That’s really here nor there, but it led to this screed by Victoria Coren, who slices and dices it expertly.
A nugget from near the beginning of the article. It gets better:
And I say: this sums up everything that is wrong with our stupid, soulless, lazy, money-driven, empty modern culture. Why take an airy hike through one of the world’s most beautiful landscapes when, for £4, you can spray a chemical approximation of it round the room and lie on the sofa watching Coronation Street?
I hate Dr Nick Lavidis. I’m sure he’s a nice man, but I despise him and everything he stands for. Fine, so this nonsense may improve your memory. But what, precisely, will you be remembering? The happy day you clicked “purchase” on the room spray at an online checkout? The golden moment when you first pointed it at the carpet from your wheezy prone position on a beanbag in front of The X Factor?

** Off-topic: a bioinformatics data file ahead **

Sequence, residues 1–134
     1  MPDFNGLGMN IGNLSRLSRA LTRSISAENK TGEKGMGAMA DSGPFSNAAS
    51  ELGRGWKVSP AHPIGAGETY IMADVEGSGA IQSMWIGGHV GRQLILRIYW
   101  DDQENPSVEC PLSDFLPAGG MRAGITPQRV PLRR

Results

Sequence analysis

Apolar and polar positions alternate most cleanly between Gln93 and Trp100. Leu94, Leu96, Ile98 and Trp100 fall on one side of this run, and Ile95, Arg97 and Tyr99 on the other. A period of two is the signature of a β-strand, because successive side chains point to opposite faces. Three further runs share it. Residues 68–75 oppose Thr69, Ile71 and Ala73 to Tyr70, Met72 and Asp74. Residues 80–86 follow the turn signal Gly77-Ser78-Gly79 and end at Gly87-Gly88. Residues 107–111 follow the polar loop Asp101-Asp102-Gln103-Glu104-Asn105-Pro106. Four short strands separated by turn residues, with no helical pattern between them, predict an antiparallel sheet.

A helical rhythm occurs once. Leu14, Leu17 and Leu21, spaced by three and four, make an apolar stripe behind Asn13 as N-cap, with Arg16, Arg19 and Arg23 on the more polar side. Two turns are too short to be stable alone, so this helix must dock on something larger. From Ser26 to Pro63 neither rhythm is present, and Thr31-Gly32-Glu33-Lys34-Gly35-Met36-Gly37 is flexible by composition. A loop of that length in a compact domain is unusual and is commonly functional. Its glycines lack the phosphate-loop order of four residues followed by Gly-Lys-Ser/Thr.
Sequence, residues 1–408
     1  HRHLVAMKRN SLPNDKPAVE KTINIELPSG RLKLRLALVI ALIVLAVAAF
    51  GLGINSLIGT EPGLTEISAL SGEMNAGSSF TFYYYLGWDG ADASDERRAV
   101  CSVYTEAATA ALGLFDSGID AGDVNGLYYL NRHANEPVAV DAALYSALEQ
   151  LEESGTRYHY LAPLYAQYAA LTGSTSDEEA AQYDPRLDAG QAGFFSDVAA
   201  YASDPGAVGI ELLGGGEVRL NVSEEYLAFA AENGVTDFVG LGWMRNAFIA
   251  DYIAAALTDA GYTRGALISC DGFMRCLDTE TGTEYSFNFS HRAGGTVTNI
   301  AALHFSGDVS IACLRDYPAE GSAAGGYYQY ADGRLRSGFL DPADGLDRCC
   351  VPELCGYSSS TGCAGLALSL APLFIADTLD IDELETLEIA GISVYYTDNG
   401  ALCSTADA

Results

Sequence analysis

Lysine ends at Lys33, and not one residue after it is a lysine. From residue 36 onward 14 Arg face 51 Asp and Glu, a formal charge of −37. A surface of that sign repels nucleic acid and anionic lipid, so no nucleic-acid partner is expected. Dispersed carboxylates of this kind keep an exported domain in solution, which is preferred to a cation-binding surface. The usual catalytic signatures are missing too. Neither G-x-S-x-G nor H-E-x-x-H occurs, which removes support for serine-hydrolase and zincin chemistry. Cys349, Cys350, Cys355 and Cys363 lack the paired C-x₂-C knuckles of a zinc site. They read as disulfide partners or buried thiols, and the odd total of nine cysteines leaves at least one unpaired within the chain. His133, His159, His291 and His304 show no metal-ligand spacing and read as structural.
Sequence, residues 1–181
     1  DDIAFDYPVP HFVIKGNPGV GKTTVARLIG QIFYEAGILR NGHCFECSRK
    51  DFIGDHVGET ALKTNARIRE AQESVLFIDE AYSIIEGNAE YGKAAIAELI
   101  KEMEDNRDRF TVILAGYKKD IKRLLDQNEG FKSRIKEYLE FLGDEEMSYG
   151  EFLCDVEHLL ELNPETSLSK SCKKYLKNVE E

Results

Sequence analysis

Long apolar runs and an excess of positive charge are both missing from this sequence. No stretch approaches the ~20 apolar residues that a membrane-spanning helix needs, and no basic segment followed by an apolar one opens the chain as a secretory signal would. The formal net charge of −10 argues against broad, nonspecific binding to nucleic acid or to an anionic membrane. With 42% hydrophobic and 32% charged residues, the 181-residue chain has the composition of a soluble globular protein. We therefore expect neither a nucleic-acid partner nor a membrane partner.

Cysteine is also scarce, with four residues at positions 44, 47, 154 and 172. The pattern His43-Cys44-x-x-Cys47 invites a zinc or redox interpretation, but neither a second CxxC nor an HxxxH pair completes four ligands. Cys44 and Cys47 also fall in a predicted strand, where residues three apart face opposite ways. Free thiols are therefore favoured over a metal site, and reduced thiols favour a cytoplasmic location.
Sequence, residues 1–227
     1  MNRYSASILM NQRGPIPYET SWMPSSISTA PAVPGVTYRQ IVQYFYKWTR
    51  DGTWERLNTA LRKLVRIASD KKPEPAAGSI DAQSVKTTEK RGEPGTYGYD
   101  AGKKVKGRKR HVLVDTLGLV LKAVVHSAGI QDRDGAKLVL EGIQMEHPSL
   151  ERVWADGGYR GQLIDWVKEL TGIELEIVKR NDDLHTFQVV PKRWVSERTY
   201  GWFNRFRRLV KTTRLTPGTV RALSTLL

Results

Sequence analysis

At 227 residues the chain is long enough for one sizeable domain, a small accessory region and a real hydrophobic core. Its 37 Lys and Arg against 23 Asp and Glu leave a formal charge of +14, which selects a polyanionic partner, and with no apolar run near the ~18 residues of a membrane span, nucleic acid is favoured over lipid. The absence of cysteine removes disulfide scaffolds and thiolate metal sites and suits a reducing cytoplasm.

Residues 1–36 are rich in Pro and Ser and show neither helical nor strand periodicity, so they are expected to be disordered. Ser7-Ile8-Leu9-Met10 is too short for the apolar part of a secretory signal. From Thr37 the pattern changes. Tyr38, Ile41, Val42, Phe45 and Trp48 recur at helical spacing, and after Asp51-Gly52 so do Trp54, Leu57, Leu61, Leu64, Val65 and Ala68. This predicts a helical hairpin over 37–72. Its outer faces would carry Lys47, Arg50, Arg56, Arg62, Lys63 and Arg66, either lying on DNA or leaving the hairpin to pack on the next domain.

I’ll tell you what improves your memory. Getting up off your arse and going out to do something that’s worth remembering.
I’d like to have a talk with whoever decided that English ivy was a proper ornamental.
What Susie said.
The amorality of the Bush administration has so poisoned our discourse that some have forgotten that deciding to torture another creature is not a practical question.
It is a moral one.
Yet, there is more public furor over Michael Vick than ov–oh, never mind.
I’ve been staring at this story since yesterday.
The tale of fiduciary failure is really quite amazing. I guess the moral is, “Don’t trust salespersons, especially if they are wearing power ties.”
Go read it.